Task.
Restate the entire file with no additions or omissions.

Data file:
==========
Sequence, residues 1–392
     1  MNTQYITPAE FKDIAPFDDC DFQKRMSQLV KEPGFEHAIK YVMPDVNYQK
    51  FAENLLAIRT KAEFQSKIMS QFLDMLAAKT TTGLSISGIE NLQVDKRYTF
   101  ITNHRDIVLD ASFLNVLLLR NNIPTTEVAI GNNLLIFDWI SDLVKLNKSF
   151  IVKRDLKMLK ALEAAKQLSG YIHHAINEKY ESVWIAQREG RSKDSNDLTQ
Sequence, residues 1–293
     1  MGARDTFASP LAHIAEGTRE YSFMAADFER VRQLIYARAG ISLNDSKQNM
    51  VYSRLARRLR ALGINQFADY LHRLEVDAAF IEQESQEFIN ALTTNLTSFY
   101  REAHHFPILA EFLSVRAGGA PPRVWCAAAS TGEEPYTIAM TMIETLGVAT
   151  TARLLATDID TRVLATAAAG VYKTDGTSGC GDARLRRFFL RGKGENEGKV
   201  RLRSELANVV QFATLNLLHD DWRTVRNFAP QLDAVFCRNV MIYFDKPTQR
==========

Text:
Sequence, residues 1–392
     1  MNTQYITPAE FKDIAPFDDC DFQKRMSQLV KEPGFEHAIK YVMPDVNYQK
    51  FAENLLAIRT KAEFQSKIMS QFLDMLAAKT TTGLSISGIE NLQVDKRYTF
   101  ITNHRDIVLD ASFLNVLLLR NNIPTTEVAI GNNLLIFDWI SDLVKLNKSF
   151  IVKRDLKMLK ALEAAKQLSG YIHHAINEKY ESVWIAQREG RSKDSNDLTQ
Sequence, residues 1–293
     1  MGARDTFASP LAHIAEGTRE YSFMAADFER VRQLIYARAG ISLNDSKQNM
    51  VYSRLARRLR ALGINQFADY LHRLEVDAAF IEQESQEFIN ALTTNLTSFY
   101  REAHHFPILA EFLSVRAGGA PPRVWCAAAS TGEEPYTIAM TMIETLGVAT
   151  TARLLATDID TRVLATAAAG VYKTDGTSGC GDARLRRFFL RGKGENEGKV
   201  RLRSELANVV QFATLNLLHD DWRTVRNFAP QLDAVFCRNV MIYFDKPTQR